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Photographs of a 'Crossing the Line' ceremony aboard HMAS KANIMBLA

Date: 1939-1943
Medium: Silver gelatin print
Credit Line: ANMM Collection
Object Name: Archive series
Object No: ANMS0298

User Terms

    This series of 26 photographs were taken aboard HMAS KANIMBLA during World War II and belonged to Donald Cooper Blunsden. They depict sailors in fancy dress as part of the 'Crossing the Line' ceremony.
    SignificanceThese photographs depict the important maritimel ceremony refered to as Crossing the Line, which celebrates the crossing of the Equator. It is a major event in the career of a sailor, demonstrating they could endure the harsh conditions of life at sea. The ceremony pays homage to King Neptune to ensure a safe voyage.
    HistoryDonald Cooper Blunsden was born on 19 June 1906 in England and migrated to Australia with his parents, living in Enmore, New South Wales. In 1920 at the age of 15 Blunsden tried to register with the Australian Military Forces but was deemed unfit for service. His record shows a request by his father not to let him be enlisted because of his a fractured skull.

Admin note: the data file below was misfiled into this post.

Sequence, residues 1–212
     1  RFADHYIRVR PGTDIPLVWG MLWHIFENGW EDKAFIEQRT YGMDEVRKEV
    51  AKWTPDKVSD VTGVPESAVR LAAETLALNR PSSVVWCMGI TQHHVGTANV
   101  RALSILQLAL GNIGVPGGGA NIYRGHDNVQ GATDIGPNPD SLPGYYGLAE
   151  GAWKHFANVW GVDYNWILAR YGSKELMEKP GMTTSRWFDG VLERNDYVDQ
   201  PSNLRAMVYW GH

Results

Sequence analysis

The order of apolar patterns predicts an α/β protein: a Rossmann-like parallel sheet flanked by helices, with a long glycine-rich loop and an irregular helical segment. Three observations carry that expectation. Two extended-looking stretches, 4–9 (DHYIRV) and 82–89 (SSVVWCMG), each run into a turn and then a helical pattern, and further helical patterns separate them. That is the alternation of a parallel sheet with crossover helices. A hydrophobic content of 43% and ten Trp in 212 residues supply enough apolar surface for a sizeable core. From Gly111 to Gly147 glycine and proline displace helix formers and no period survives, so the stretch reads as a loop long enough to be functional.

By the age of 33, Blunsden was married and World War II had broken out. With a second sucessful attempt he enlisted with the Royal Australian Navy and was mobilised on 2 September 1939. Blunsden served as a shipwright and achieved the rank of Leading Seaman. He served with HMA Ships PENGUIN II, HOBART and WESTRALIA, with the greatest time aboard HMS KANIMBLA from 23 September 1939 to 25 May 1943.

    Blunsden was demobilised on 22 March 1946 having been Mentioned in Despatches on 9 October 1945 for his actions aboard HMS KANIMBLA in the Persian Gulf.
    Additional Titles

    Web title: Photographs of a 'Crossing the Line' ceremony aboard HMAS KANIMBLA

    Assigned title: Silver gelatin prints probably taken by Donald C Blunsden whilst seving on HMAS KANIMBLA during World War II

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